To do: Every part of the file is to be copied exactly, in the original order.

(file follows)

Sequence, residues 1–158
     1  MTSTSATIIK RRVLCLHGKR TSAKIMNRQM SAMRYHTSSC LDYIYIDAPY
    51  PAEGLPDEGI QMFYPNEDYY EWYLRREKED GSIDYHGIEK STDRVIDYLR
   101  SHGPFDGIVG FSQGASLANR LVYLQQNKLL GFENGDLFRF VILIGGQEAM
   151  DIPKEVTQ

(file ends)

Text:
Sequence, residues 1–158
     1  MTSTSATIIK RRVLCLHGKR TSAKIMNRQM SAMRYHTSSC LDYIYIDAPY
    51  PAEGLPDEGI QMFYPNEDYY EWYLRREKED GSIDYHGIEK STDRVIDYLR
   101  SHGPFDGIVG FSQGASLANR LVYLQQNKLL GFENGDLFRF VILIGGQEAM
   151  DIPKEVTQ